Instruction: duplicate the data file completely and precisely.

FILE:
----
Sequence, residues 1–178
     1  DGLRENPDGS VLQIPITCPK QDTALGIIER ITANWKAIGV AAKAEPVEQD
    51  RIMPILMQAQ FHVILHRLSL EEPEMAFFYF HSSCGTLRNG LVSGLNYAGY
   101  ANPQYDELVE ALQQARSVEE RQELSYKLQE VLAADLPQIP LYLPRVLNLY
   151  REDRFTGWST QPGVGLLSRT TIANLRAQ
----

Sequence, residues 1–178
     1  DGLRENPDGS VLQIPITCPK QDTALGIIER ITANWKAIGV AAKAEPVEQD
    51  RIMPILMQAQ FHVILHRLSL EEPEMAFFYF HSSCGTLRNG LVSGLNYAGY
   101  ANPQYDELVE ALQQARSVEE RQELSYKLQE VLAADLPQIP LYLPRVLNLY
   151  REDRFTGWST QPGVGLLSRT TIANLRAQ